(d) that the defendant may be liable to pay an amount of money which the court awards to the claimant to the Secretary of State for Social Security under section 6 of the Social Security (Recovery of Benefits) Act 1997 1.
(7) The statement of value in the claim form does not limit the power of the court to give judgment for the amount which it finds the claimant is entitled to.
(1) Particulars of claim must include –
(a) a concise statement of the facts on which the claimant relies;
(b) if the claimant is seeking interest, a statement to that effect and the details set out in paragraph (2);
(d) if the claimant is seeking provisional damages, a statement to that effect and his grounds for claiming them; and
(e) such other matters as may be set out in a practice direction.
(2) If the claimant is seeking interest he must –
(a) state whether he is doing so –
(i) under the terms of a contract;
(ii) under an enactment and if so which; or
(iii) on some other basis and if so what that basis is; and
(b) if the claim is for a specified amount of money, state –
(i) the percentage rate at which interest is claimed;
(ii) the date from which it is claimed;
(iii) the date to which it is calculated, which must not be later than the date on which the claim form is issued;
(iv) the total amount of interest claimed to the date of calculation; and
(v) the daily rate at which interest accrues after that date.
(Part 22 requires particulars of claim to be verified by a statement of truth)
(1) In his defence, the defendant must state –
(a) which of the allegations in the particulars of claim he denies;
(b) which allegations he is unable to admit or deny, but which he requires the claimant to prove; and
(c) which allegations he admits.
(2) Where the defendant denies an allegation –
(a) he must state his reasons for doing so; and
(b) if he intends to put forward a different version of events from that given by the claimant, he must state his own version.
(3) A defendant who –
(a) fails to deal with an allegation; but
(b) has set out in his defence the nature of his case in relation to the issue to which that allegation is relevant,
shall be taken to require that allegation to be proved.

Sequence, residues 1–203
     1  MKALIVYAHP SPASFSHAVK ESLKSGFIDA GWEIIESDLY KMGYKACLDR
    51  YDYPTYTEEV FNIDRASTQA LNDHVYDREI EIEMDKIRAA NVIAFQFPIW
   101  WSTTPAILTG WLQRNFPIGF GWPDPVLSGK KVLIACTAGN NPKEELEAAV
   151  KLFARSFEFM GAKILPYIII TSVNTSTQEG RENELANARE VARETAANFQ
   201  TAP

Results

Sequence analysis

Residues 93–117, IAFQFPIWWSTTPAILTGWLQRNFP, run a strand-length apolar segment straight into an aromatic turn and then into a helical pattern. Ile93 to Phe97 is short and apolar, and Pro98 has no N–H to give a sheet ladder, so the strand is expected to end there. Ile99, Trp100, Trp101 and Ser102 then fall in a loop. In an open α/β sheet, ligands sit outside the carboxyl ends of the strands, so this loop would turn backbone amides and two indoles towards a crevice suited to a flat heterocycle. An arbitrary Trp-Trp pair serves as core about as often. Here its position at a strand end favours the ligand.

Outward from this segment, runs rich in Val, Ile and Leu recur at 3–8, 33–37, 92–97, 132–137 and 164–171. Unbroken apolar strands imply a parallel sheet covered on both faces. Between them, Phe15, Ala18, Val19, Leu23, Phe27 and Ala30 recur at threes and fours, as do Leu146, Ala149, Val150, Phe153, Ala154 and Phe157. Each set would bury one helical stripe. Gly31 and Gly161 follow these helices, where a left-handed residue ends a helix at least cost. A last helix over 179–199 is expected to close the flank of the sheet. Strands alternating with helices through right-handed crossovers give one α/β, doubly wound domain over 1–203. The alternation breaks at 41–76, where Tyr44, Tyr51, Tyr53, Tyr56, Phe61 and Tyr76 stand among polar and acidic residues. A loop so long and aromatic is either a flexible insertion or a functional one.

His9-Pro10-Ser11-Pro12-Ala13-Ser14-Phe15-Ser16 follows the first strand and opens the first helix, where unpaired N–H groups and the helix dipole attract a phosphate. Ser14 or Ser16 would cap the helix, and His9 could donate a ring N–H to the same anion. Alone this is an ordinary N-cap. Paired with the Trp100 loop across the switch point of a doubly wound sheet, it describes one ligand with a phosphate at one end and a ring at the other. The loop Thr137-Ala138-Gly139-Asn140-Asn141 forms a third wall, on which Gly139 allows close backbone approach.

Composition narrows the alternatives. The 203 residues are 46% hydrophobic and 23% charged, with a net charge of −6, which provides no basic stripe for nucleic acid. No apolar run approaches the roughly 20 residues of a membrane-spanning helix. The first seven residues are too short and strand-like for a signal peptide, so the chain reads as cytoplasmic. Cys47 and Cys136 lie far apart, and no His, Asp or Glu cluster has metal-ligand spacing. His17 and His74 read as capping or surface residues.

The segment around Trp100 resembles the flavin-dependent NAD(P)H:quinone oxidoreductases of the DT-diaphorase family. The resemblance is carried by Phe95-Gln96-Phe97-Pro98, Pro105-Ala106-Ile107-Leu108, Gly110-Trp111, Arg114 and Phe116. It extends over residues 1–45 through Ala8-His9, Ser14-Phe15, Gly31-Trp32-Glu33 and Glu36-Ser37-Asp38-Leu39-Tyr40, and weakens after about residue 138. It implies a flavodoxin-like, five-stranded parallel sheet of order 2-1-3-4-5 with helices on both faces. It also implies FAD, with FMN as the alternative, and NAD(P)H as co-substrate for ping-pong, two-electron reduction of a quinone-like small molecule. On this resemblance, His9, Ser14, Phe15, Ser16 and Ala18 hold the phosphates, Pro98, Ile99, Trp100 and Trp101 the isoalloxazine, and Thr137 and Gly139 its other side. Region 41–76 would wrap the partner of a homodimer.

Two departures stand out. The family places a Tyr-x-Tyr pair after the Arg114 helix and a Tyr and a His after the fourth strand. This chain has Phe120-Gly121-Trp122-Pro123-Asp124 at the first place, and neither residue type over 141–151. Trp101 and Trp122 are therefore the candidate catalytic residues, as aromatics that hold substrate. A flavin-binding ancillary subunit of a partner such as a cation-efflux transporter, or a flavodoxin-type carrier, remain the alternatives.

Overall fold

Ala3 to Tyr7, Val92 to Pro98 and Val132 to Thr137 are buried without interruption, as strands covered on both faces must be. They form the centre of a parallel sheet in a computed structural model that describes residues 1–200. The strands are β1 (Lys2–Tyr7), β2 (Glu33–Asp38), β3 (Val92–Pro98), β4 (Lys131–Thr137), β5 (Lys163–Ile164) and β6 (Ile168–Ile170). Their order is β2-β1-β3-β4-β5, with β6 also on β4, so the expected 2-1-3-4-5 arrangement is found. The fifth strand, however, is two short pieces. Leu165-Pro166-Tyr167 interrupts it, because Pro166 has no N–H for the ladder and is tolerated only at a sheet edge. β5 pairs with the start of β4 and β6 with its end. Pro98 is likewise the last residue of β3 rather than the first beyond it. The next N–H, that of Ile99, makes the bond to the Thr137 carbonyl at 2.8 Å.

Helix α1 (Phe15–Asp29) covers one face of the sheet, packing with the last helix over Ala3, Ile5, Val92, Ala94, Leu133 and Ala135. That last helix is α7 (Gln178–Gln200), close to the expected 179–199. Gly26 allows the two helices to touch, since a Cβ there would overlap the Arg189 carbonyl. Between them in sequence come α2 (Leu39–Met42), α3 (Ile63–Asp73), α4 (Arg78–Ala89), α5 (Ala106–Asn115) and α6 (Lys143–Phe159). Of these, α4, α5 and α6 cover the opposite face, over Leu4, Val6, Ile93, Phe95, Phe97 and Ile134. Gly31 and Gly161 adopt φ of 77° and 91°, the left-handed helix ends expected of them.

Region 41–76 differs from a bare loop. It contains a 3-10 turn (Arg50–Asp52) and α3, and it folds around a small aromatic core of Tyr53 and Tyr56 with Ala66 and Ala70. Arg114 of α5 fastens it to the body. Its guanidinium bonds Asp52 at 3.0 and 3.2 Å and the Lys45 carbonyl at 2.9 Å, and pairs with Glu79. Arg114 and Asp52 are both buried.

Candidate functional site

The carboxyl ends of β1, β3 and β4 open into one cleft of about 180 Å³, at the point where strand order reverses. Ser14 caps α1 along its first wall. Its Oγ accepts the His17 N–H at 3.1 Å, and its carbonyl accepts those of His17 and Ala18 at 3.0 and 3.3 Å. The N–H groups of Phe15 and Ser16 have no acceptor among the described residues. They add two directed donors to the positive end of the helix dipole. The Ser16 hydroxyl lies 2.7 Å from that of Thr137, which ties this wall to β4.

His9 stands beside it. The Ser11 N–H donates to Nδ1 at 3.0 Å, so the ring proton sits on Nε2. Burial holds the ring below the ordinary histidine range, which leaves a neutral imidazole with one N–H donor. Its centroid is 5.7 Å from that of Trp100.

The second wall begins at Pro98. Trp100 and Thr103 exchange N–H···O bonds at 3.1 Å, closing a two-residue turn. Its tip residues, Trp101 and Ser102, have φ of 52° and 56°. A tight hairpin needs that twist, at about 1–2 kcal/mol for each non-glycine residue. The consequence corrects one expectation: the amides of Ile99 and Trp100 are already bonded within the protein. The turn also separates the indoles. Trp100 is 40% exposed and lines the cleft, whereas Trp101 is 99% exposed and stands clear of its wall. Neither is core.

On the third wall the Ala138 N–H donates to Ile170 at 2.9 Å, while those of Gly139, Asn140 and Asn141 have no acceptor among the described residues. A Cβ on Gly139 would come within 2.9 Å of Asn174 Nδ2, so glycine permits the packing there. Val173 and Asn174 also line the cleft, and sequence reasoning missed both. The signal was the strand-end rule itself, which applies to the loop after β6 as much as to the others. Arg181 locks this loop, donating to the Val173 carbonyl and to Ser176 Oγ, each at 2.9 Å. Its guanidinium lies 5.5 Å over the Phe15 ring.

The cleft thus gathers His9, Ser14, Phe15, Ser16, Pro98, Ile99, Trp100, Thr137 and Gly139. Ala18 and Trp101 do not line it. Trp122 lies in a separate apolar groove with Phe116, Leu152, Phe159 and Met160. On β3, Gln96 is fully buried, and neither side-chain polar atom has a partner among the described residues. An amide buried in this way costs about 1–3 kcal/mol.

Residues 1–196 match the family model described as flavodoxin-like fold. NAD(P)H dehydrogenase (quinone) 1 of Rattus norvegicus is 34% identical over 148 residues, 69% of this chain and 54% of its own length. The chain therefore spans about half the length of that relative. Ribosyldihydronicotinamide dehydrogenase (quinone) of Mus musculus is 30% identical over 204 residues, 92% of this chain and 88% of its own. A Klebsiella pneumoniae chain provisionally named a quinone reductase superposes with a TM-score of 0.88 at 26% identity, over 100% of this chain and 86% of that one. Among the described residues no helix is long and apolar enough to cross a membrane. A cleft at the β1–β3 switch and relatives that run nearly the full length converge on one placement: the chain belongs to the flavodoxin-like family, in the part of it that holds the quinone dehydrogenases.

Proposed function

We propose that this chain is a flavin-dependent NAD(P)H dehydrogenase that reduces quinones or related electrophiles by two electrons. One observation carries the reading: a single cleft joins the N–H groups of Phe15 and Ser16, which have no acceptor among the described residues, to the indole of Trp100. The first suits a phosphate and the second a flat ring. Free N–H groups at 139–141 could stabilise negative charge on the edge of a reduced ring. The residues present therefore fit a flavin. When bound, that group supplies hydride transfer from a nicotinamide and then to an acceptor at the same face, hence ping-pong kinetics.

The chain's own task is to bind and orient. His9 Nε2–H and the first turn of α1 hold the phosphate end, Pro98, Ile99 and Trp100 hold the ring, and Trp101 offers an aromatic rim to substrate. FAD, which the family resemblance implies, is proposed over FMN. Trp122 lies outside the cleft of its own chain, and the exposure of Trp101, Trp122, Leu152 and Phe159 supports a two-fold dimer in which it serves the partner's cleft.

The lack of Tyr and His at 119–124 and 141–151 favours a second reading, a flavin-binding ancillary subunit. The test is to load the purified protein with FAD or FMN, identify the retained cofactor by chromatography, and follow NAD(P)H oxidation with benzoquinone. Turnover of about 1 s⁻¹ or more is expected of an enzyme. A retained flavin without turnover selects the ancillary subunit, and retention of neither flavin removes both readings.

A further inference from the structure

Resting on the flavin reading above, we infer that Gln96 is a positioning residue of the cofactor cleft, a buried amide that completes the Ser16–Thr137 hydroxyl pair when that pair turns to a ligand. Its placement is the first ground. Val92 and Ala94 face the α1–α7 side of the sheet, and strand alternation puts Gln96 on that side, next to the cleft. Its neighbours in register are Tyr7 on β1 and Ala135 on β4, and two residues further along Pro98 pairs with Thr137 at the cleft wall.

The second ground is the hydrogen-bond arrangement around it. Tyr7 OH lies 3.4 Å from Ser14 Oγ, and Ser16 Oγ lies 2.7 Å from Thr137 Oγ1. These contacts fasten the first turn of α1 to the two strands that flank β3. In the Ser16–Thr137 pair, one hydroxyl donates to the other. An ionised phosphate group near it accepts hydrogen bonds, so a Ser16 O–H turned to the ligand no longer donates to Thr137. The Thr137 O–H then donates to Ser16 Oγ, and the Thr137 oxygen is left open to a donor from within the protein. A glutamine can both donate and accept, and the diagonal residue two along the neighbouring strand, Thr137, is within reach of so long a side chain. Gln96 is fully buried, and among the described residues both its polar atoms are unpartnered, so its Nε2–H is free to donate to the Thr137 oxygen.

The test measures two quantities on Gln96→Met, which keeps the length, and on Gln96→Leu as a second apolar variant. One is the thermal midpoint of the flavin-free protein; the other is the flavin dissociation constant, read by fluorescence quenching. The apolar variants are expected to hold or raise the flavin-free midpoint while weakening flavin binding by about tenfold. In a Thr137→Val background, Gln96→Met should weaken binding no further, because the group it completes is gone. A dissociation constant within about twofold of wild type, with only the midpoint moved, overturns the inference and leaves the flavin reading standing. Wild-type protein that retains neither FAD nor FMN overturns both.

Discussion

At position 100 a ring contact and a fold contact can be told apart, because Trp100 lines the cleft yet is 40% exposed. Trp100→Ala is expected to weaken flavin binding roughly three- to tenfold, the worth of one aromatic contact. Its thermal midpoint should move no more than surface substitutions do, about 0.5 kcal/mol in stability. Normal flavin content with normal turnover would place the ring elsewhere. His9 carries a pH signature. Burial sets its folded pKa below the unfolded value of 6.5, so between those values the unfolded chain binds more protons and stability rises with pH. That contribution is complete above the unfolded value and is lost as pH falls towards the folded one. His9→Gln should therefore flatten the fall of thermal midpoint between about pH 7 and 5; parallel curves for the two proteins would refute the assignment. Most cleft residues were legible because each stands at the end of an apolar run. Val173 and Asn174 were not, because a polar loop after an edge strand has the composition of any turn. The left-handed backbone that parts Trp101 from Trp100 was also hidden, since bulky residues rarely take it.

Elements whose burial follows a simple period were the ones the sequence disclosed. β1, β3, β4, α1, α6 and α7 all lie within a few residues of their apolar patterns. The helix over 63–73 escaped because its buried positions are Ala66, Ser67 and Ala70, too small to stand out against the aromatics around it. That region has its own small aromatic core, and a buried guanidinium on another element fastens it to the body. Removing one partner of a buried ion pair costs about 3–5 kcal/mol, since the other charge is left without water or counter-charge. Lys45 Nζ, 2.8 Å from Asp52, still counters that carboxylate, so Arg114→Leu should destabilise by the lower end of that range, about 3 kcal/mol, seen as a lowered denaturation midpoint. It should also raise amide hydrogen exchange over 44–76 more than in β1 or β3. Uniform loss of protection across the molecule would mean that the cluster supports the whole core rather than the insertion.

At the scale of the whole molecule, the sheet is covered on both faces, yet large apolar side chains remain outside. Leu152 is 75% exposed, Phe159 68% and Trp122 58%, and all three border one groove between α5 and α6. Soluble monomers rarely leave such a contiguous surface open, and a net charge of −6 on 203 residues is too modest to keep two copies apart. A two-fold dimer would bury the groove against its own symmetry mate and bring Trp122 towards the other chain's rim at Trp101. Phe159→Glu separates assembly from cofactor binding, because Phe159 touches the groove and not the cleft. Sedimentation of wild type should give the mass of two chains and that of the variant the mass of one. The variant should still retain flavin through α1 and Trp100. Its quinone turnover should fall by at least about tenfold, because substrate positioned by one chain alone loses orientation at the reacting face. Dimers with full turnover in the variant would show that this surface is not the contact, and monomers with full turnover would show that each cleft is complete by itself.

(4) Where the claim includes a money claim, a defendant shall be taken to require that any allegation relating to the amount of money claimed be proved unless he expressly admits the allegation.
(5) Subject to paragraphs (3) and (4), a defendant who fails to deal with an allegation shall be taken to admit that allegation.
(6) If the defendant disputes the claimant’s statement of value under rule 16.3 he must –
(a) state why he disputes it; and
(b) if he is able, give his own statement of the value of the claim.
(7) If the defendant is defending in a representative capacity, he must state what that capacity is.
(8) If the defendant has not filed an acknowledgment of service under Part 10, the defendant must give an address for service.
(Part 22 requires a defence to be verified by a statement of truth)
(Rule 6.23 makes provision in relation to addresses for service.)
16.6 Where a defendant –
(a) contends he is entitled to money from the claimant; and
(b) relies on this as a defence to the whole or part of the claim,
the contention may be included in the defence and set off against the claim, whether or not it is also a Part 20 claim.
(1) A claimant who does not file a reply to the defence shall not be taken to admit the matters raised in the defence.
(2) A claimant who –
(a) files a reply to a defence; but
(b) fails to deal with a matter raised in the defence, shall be taken to require that matter to be proved.
(Part 22 requires a reply to be verified by a statement of truth)
16.8 If a claim form has been –
(a) issued in accordance with rule 7.2; and
(b) served in accordance with rule 7.5,
the court may make an order that the claim will continue without any other statement of case.
1. 1997 c.27. Back to text